Tuesday, June 15, 2010

New Pine Cones Macro

You've all probably wondered where I've been in the last few weeks. I've been traveling a lot, visiting my kids and grandkids. Last week, I went to Connecticut to celebrate my son's 50th birthday.

My son didn't want to have a birthday party, but he wanted to get all the siblings together and have a huge reunion. My sisters and brothers, Joe's wife, Donna's, sister and brothers, and Joe's sisters and brother were all invited. It was a great party, and it was awesome to have all my siblings in one place at the same time. My youngest brother was born after I was married, so unless there was a funeral, we were never together. All my siblings still live in Connecticut, where we grew up except for me. My daughter-in-law took a photo of the five of us. It's the first time we've ever had a photo of all of us taken. My brother didn't really want to take the photo, but I insisted stating that at our ages, (40's, 50's & 60's) anything could happen. He finally relented and I'm thrilled to have this photo.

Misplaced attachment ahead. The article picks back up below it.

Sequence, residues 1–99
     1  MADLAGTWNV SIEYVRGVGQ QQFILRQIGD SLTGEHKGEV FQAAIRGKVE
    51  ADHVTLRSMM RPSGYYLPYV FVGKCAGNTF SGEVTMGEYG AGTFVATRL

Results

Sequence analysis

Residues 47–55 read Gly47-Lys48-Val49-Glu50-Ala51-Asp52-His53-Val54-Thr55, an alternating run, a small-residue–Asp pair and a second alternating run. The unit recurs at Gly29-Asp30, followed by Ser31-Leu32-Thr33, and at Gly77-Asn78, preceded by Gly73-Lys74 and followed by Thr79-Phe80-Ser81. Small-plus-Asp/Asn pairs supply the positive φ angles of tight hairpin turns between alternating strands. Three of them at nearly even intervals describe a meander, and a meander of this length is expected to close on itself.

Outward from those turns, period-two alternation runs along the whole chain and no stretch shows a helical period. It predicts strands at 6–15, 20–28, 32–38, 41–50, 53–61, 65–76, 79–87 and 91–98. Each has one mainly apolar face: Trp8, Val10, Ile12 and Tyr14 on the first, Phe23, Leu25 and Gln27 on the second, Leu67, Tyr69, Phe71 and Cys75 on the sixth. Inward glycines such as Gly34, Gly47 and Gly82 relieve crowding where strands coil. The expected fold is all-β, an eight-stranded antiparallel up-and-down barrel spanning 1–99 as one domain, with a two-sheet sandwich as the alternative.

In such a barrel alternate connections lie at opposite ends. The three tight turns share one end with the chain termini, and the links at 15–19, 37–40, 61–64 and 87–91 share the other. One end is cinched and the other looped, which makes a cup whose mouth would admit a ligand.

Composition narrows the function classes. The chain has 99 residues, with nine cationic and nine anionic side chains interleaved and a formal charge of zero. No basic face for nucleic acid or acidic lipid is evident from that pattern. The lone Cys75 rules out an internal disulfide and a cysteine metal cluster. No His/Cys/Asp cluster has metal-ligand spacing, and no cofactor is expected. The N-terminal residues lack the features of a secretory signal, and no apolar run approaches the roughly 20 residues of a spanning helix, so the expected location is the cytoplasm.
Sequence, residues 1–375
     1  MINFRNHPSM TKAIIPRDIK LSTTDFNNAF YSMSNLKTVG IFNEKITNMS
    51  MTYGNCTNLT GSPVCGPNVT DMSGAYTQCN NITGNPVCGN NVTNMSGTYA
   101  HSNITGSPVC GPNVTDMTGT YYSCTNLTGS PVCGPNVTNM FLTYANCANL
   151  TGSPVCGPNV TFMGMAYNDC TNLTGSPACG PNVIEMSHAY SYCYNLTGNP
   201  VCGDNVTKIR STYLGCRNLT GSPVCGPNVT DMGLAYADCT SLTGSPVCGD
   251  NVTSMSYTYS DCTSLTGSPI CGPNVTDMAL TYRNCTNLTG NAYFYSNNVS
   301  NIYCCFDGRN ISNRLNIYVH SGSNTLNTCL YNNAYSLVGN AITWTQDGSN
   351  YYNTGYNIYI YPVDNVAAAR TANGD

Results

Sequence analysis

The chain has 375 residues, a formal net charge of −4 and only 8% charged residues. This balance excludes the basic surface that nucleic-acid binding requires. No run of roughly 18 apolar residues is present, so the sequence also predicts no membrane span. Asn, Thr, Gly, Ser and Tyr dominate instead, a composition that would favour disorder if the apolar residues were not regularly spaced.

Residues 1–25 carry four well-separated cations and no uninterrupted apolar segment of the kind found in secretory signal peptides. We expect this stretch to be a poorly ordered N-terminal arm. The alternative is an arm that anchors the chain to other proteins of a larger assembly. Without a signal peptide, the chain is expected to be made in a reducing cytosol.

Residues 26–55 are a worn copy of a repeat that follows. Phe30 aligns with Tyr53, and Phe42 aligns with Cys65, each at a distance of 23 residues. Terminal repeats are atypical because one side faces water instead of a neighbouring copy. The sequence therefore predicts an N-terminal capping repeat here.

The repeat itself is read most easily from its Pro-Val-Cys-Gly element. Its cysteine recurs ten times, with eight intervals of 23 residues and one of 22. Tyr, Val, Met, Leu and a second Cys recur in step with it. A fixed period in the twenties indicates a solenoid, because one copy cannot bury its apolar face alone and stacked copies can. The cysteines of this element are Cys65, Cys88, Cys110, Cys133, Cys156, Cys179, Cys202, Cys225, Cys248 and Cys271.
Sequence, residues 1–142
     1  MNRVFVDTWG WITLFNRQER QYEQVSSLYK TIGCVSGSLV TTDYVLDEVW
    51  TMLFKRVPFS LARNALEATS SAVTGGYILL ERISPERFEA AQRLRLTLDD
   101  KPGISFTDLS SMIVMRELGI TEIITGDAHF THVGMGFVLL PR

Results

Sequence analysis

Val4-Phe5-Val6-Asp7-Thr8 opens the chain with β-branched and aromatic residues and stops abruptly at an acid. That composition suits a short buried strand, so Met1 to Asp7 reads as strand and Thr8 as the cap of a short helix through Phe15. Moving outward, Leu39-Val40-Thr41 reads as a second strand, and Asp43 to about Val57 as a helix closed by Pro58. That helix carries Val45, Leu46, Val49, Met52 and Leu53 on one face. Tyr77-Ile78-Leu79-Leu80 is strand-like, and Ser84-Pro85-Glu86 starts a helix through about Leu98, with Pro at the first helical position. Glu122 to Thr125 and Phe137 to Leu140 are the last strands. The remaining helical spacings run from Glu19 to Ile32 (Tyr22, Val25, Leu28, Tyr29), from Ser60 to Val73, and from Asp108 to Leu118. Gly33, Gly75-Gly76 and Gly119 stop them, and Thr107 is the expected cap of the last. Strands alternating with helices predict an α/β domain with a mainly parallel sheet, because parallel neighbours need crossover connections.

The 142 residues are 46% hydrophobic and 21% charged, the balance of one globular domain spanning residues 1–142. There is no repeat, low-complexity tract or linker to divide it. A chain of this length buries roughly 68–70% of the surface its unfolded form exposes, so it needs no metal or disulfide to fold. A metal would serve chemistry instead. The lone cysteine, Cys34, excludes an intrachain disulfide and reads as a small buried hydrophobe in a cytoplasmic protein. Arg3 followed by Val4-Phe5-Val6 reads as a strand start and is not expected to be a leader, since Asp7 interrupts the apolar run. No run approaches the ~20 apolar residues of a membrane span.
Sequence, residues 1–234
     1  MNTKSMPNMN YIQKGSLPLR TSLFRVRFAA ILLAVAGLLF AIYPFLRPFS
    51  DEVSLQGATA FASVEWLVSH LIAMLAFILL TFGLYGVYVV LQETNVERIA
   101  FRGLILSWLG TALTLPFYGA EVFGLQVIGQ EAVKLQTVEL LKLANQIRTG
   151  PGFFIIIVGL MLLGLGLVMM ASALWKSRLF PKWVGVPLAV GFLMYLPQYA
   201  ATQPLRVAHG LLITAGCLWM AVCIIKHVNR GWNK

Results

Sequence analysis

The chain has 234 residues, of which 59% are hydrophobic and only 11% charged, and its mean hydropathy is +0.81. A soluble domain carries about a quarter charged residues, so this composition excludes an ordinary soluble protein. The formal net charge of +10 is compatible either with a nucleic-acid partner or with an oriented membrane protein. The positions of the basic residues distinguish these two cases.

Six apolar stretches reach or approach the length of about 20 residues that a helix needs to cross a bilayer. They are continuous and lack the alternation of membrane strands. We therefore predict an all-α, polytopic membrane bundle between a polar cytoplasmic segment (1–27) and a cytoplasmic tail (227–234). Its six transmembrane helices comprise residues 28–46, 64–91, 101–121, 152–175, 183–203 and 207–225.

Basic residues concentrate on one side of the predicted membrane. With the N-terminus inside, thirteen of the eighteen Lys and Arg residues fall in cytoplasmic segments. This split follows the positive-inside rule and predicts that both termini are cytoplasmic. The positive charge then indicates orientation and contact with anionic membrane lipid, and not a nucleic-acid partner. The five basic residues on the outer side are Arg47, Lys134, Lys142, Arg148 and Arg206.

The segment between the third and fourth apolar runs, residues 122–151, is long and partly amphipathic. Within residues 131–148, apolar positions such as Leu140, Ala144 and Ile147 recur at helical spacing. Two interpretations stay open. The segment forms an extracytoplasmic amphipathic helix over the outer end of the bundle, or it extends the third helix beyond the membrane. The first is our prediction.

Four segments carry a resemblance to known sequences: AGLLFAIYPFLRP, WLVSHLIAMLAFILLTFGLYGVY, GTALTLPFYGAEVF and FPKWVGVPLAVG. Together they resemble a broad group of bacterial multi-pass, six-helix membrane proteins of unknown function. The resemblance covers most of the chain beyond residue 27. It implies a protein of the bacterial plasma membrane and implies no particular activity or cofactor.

While I was walking around in Joe and Donna's yard, which is more like a botanical gardens, with all their little garden areas and it's perfect grooming, I came across this low branch on a pine tree where the little pine cones are just starting to grow. I couldn't resist a macro shot of it. Being so short (5'0"), I rarely get to see something like this.